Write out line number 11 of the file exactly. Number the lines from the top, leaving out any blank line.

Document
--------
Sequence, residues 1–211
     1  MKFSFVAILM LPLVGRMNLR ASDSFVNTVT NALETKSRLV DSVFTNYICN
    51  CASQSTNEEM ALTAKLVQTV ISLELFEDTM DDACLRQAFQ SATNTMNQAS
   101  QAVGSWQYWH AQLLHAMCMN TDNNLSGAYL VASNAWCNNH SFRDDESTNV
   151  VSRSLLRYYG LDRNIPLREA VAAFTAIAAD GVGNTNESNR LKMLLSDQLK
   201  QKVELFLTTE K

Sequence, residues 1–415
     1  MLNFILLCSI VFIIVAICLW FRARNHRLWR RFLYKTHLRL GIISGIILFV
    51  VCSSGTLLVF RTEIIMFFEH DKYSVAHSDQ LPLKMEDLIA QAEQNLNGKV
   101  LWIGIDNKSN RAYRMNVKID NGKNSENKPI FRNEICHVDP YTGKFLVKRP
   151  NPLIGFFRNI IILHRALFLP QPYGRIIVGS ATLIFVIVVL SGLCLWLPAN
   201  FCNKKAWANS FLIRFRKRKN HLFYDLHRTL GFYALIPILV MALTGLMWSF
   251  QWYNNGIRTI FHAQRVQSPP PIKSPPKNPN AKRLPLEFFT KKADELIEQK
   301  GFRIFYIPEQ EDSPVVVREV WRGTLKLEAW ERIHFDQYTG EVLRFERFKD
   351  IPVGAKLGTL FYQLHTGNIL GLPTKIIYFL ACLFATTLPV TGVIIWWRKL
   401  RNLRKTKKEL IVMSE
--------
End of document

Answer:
   151  NPLIGFFRNI IILHRALFLP QPYGRIIVGS ATLIFVIVVL SGLCLWLPAN